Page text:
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Proper Community Irrigation

Lithium Alumni (Retired) Lithium Alumni (Retired)
Lithium Alumni (Retired)

Activity is the lifeblood of your community. In a support community, recent activity represents the possibility that my question will be answered quickly (if it hasn't already been posted). For an engagement community, active conversations increase the likelihood that there are others like me in the community to connect with.

One of the easiest ways to increase activity in your community is to place your links where the most people will see them, which will in turn increase the number who visit and therefore the number who are likely to post. Conversely, one of the quickest ways to kill your community is to fail to adequately promote it. You can (and should) do all you can within the community to encourage members to participate, but if no one shows up you are limited in what you can influence. The more of your target audience you can attract to your community, the greater your chances of success.

Which leads to one of the key best practices we've seen for community success:

Place persistent and prominent links to the community on your well trafficked web pages.

Links should be persistent, meaning they appear on every page load in a consistent position to get penetration (i.e., not rotating banner ads). And the links should be prominent, meaning that they should appear above the fold of the page without scrolling, and are not buried within multiple sub-menus. The top 3 pages for most organizations should come as no surprise:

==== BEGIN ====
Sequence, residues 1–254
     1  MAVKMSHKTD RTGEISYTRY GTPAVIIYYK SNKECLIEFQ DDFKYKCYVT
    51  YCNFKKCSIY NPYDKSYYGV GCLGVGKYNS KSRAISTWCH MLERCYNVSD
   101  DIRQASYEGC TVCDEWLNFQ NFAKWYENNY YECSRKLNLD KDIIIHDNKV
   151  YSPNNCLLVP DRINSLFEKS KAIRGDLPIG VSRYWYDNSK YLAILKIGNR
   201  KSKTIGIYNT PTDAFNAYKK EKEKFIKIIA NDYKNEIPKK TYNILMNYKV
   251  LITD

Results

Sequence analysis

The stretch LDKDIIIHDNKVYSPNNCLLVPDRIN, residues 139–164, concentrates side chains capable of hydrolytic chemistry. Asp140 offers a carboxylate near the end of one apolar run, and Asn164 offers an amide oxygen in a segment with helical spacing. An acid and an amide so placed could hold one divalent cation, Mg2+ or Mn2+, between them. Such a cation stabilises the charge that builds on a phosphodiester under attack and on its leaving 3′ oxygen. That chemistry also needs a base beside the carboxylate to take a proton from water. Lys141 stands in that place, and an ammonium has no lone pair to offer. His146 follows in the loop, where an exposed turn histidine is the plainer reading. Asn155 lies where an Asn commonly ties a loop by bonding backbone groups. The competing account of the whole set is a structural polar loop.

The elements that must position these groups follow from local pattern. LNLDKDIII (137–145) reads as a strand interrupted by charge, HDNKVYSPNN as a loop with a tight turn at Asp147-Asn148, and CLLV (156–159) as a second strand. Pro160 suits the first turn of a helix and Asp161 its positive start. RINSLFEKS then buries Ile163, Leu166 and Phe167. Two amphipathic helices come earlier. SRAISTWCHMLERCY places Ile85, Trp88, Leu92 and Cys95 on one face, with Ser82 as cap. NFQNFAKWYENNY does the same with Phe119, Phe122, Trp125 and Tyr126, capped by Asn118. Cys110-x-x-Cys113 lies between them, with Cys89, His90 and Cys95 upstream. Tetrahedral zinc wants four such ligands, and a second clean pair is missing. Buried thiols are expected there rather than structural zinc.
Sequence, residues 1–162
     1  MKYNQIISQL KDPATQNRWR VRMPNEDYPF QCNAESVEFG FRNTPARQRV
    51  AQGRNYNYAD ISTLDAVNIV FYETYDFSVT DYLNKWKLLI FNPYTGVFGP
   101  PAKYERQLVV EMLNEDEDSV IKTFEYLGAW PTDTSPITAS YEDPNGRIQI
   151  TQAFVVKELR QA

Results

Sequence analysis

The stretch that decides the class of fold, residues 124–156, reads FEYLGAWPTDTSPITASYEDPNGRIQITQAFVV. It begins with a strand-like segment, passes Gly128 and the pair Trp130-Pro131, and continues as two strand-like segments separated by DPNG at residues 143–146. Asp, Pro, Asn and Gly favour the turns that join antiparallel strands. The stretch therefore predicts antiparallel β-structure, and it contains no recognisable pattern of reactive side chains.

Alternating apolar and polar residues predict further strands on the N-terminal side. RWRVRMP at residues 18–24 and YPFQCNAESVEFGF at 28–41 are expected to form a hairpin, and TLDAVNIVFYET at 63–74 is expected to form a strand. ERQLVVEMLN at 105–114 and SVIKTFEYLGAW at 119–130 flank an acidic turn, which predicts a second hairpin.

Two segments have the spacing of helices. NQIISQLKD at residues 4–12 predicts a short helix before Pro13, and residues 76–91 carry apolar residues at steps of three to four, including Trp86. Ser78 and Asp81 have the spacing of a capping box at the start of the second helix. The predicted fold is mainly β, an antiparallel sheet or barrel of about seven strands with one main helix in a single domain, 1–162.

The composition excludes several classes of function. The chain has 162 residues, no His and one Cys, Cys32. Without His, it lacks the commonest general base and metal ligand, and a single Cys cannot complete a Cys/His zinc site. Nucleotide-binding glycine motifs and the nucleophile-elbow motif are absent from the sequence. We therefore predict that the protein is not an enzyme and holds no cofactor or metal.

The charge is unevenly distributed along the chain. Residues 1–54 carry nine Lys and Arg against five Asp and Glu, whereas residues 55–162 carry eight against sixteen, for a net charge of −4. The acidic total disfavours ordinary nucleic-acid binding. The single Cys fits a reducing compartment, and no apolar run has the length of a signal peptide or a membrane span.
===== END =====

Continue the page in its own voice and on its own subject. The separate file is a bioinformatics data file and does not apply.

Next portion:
• Your main home page
  • Your main navigation in a common header
  • Your main support page/program page

Other types of promotion are useful (email outreach, newsletters, in-product links and documentation), but none of these have been shown to be a substitute for those highly visible links of the main pages of your site.

Obviously this is very valuable web real estate for the organization, so there may be a number of people you need to convince to place your links on all of those pages. But time spent early in getting that approval can pay very large dividends in the future for your community.

Communities thirst for activity - make sure you are using the biggest pipes to get it there.

About the Author
Scott is a Client Services Engagement Manager at Lithium and the Community Manager for the Lithosphere community. In this role he helps enterprise organizations using social media to locate and engage their brand advocates and influencers to address real business challenges.